The Books Interview: John Cornwell

You argue in your new book that John Henry Newman continues to speak to us from beyond the grave. Why should we be interested in this mid-19th-century Catholic convert?
The book is about why he is important to people who are not Catholic Christians, people who are of other faiths and people who have got no faith at all. It's an attempt to say what it is about Newman that's worth discussing.

The story of Newman's life is that he moved from an early scepticism to evangelicalism, and then to various forms of Church of England Christianity, before becoming a Catholic. The central message of his life and work is that nobody should accept, in docile fashion, what they're taught by their school, their church, their parents, by authority. And that is a message for everybody - be prepared to be courageous about chucking stuff out.

That doesn't sound like a specifically religious view, though.
What makes it peculiarly religious is that the driving force for all this is the voice of conscience. This is interesting, because conscience, in terms of ethics and moral philosophy, is very outmoded. I find it significant that, even though contemporary philosophy tends towards forms of determinism, in the wider culture people are deeply into naming, shaming and blaming each other. So we haven't lost that sense of conscience. That's the driving force for Newman, the guiding principle.

His book The Idea of a University is also relevant in light of the debate about the future of higher education.
Yes. What comes out of that book is the idea that the educated person who may go on to be an economist in government, say, or a top scientist, will, when he is out in the world doing big things, see the wider implications of what he is doing. It's a sense of relating to a greater whole. Newman thought you start that at university.

He also insisted on the uselessness of study. Each discipline, he thought, brings its own reward with it, rather than having a vocational purpose. However, he was also very keen on people going to university to study vocationally.

There are parallels with some of the things John Stuart Mill was saying about higher education around the same time.
Newman was very influenced as a youth by David Hume, and by the Romantic tradition of imagination; we know that he read a lot of Coleridge after 1835. And Mill brings out that aspect of Coleridge - the imagination and so on - in his essay on Bentham and Coleridge.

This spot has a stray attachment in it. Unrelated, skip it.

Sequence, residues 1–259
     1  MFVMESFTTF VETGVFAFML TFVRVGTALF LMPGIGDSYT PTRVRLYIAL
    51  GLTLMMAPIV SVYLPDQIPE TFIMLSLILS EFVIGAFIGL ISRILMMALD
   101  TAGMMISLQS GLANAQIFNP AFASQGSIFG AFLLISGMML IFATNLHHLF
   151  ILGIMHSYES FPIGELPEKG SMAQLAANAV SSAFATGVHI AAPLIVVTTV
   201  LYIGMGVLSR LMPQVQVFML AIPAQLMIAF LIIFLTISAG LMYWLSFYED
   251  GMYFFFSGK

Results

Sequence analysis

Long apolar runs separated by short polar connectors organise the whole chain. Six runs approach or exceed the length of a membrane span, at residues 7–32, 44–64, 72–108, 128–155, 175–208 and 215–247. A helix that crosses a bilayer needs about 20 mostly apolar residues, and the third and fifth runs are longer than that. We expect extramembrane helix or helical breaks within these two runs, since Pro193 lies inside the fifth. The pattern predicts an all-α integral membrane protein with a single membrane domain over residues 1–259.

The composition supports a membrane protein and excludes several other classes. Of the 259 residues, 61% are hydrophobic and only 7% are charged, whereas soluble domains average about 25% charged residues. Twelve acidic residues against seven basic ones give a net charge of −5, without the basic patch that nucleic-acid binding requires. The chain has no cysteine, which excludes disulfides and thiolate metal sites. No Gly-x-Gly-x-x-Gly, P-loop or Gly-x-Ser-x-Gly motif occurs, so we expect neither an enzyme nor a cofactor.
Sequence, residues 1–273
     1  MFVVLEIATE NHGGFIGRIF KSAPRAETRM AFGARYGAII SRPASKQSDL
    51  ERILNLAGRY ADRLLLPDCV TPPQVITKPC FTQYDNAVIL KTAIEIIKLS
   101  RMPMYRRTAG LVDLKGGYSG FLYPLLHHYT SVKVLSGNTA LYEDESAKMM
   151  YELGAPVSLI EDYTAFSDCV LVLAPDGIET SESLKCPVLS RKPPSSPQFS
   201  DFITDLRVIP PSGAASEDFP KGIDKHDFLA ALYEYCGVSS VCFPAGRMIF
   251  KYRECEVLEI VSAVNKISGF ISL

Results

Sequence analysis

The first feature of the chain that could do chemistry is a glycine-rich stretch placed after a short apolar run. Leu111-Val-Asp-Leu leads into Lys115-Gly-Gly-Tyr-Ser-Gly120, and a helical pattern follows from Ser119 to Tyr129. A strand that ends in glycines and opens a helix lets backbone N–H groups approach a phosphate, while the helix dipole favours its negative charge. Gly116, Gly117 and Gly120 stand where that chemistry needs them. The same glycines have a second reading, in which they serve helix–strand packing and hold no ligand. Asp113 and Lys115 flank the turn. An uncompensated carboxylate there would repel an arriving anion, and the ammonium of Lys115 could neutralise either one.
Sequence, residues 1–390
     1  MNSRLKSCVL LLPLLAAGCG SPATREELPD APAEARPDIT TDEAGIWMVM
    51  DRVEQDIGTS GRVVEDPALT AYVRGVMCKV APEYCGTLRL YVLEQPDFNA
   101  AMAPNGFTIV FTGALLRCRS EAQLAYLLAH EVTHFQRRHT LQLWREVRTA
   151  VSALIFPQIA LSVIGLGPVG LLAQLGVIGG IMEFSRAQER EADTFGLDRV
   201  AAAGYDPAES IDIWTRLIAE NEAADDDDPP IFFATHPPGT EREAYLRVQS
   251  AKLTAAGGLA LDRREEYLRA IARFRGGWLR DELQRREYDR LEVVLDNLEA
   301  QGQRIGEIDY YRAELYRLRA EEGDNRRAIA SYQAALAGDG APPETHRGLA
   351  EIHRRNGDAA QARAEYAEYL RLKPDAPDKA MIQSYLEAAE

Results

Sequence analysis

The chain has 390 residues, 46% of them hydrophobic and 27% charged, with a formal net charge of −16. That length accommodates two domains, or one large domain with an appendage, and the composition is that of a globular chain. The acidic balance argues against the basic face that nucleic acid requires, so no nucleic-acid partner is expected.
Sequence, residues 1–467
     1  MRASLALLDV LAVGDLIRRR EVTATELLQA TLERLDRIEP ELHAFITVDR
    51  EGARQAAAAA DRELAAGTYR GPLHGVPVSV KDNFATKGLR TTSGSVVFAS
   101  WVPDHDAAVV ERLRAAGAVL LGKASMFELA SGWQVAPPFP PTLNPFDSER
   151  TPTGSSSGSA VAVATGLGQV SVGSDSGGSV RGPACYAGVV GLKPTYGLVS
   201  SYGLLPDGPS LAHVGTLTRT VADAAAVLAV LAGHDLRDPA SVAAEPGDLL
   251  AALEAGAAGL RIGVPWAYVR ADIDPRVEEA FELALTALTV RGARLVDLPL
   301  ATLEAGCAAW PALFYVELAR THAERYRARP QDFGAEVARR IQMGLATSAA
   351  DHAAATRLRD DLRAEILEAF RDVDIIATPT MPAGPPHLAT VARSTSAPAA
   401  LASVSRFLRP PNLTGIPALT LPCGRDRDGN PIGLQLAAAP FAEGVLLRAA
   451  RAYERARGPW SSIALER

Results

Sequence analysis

I find a lot of Coleridge in Newman. There is a tremendous tension in his work between empiricism of the Humean kind and this kind of organic, Colridgean openness.

Do you agree that one of the most important arguments in The Idea of a University concerns the nature of religious belief?
Yes. Newman maintained that there is an enormous difference between aesthetics and religion. This is a notion I noticed in Diarmaid MacCulloch's recent history of Christianity. At the beginning of that book, MacCulloch says: "If you ask me if I believe in Christianity, I'd have to say not in the sense that I believe in what I had for breakfast, but in the sense that I believe Hamlet is true."

One of the threats to Christianity in the 21st century is this idea that religion is best understood as a kind of aesthetic experience, and that you can get all your morality from that. Newman saw that coming in the mid-19th century and said you can't do it that way. For a start, nobody has ever died for their interpretation of Hamlet.

Nevertheless, you suggest that Newman's Apologia pro vita sua is best read as a work of imaginative literature.
I do, to the extent that what brings us to certitude in faith, according to Newman, is not a logical argument - it's this great span of what he would sometimes call "evidences", which involves imagination and all the rest of it. It also involves one's reading into history. Newman grasped that there are different kinds of certitude, depending on what you are being certain about.

I'm very impressed by the imagery in the Apologia, which is a kind of sustained poem. It's not just a piece of apologetics of the sort you find in Jesuit literature: "Why I came over", and so on. It's a tremendously rewarding book, but requires perseverance on the part of the reader.

“Newman's Unquiet Grave: the Reluctant Saint" is published by Continuum (£18.99)

Jonathan Derbyshire is Managing Editor of Prospect. He was formerly Culture Editor of the New Statesman.